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Two Jeffco Students named as Kids Making a Difference

Two Jeffco Students named as 7 Colorado Kids Making a Difference
Posted on 11/04/2019
Andrew Ellis, North Arvada Middle School 8th grader, helps write grant to secure new obstacle course play areaby Jamie Siebrase
coloradoparent.com
10-22-2019

Filling a Community Fitness Need

Andrew Ellis, 13, Arvada
The best social entrepreneurs are the ones who identify a gap in the market and fill it. That’s exactly what 13-year-old Andrew Ellis did.

“There wasn’t a lot happening during recess,” recalls Andrew, an eighth-grader at North Arvada Middle School. So last year, Andrew came up with the idea of turning an underutilized patch of asphalt into a welcoming park his classmates, and the surrounding community, could enjoy. As part of a middle school STEM elective, Andrew was allowed to create his own class project. He pitched the playground idea to his teacher, Erin Fichtel, and she gladly approved it.

But taking a large-scale project like a park from idea to implementation is a big undertaking. “You have to be willing to commit to the project,” Andrew says. For him, that meant using free time to survey classmates and teachers, draft designs, and apply for a grant. “You can’t be afraid to ask for help,” Andrew adds. He called on Fichtel to walk him through the process of applying for a Great Outdoors Colorado (GOCO) grant, a program funded through Colorado Lottery proceeds to preserve and enhance open spaces.

It took Andrew months to complete a series of essays for the grant. “Ms. Fichtel did a lot of work,” Andrew says, noting that his teacher helped him conduct focus groups that informed the park’s ultimate design.

After accepting Andrew’s grant in early 2019, GOCO awarded Andrew’s school $110,000. To unlock funding, North Arvada Middle School contributed an additional $35,000, and Jeffco Public Schools provided $35,000, for a total of $180,000. Over the summer, developers installed a ninja-warrior style obstacle course, swings, and jungle gym across a newly constructed greenspace. Now, Andrew and his peers have a place to play during recess, and it’s a community asset too: Andrew enjoys seeing neighborhood families use the playground on the weekends.


Madhvi Chitoor starts eco-awareness campaign about plasticsLeading Environmental Efforts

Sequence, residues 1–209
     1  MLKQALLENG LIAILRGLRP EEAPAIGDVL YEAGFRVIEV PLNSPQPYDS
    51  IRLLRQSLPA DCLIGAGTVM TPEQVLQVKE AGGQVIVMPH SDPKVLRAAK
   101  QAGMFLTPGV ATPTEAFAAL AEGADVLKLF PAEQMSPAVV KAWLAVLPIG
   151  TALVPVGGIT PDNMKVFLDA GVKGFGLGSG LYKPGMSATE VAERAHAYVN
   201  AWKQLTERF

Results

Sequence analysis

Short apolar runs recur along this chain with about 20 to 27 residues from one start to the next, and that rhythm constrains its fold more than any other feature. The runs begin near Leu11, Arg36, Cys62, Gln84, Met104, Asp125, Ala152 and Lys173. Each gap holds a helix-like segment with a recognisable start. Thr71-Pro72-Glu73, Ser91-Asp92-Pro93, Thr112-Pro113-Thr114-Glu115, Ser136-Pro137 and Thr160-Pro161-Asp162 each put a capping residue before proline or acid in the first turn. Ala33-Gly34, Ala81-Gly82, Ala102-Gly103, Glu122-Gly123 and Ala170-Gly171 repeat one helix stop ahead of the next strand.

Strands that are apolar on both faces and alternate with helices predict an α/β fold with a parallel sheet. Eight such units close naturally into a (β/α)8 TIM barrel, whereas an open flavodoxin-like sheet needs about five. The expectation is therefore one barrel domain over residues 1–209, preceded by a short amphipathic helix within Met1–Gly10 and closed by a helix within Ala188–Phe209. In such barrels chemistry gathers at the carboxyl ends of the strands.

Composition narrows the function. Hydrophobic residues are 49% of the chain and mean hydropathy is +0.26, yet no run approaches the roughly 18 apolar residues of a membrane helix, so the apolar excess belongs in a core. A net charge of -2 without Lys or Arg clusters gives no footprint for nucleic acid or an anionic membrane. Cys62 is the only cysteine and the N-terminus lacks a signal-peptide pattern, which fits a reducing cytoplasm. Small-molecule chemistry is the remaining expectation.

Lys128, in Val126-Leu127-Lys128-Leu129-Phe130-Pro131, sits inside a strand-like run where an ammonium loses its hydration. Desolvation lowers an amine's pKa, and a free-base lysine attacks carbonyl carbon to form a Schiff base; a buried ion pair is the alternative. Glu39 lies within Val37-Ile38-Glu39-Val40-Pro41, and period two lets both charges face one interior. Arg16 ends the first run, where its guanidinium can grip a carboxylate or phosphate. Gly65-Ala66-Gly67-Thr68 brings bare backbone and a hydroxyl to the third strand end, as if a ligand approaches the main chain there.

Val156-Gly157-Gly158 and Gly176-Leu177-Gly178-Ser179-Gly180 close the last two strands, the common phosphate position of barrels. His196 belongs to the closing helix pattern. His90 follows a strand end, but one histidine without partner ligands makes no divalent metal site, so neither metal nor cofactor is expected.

Madhvi Chittoor, 8, Arvada
Madhvi Chittoor joined the climate change movement when she was five years old, after watching a CNN documentary on pollution. “I love animals, and [the documentary] made me want to raise awareness about plastic and Styrofoam killing animals,” Madhvi explains.

With her mom, Lalitha Chittoor, Madhvi distributed paper straws to shoppers at Colorado Mills, in Lakewood, and the Arvada Centerplace Shopping Center in April of 2017. The duo returned to both shopping centers again in 2018 and 2019, handing out approximately 800 straws while raising awareness about plastic pollution in celebration of Earth Day. In November 2017, the two also founded a nonprofit organization, Madhvi4EcoEthics.

Madhvi uses her creativity to advance her eco-conscious mission. In 2017, she entered her story, “Is Plastic My Food?,” into a Jeffco Public Schools district-wide writing competition, and won. The book, which Lalitha published through Pranav Enterprises last year, earned Madhvi a letter of recognition from National Geographic.

To create awareness about polystyrene in local waterways, Madhvi built a sculpture out of Styrofoam, which was on display in the Colorado State Capitol Building. The young activist also met with former Governor John Hickenlooper and Governor Jared Polis about expanding on Earth Day by declaring April as Plastic and Styrofoam Pollution Awareness Month throughout the state of Colorado.

As a youth ambassador for the Plastic Pollution Coalition, Madhvi worked with a group of like-minded individuals from Jeffco Public Schools to host a drive to replace her school’s Styrofoam plates with a more environmentally conscious choice. This year, her school, Hackberry Hill Elementary, along with several others in the district, switched to compostable products in the cafeteria, diverting an estimated 7.6 million Styrofoam plates from local landfills annually.

(article originally appeared at coloradoparent.com, 10-22-2019)
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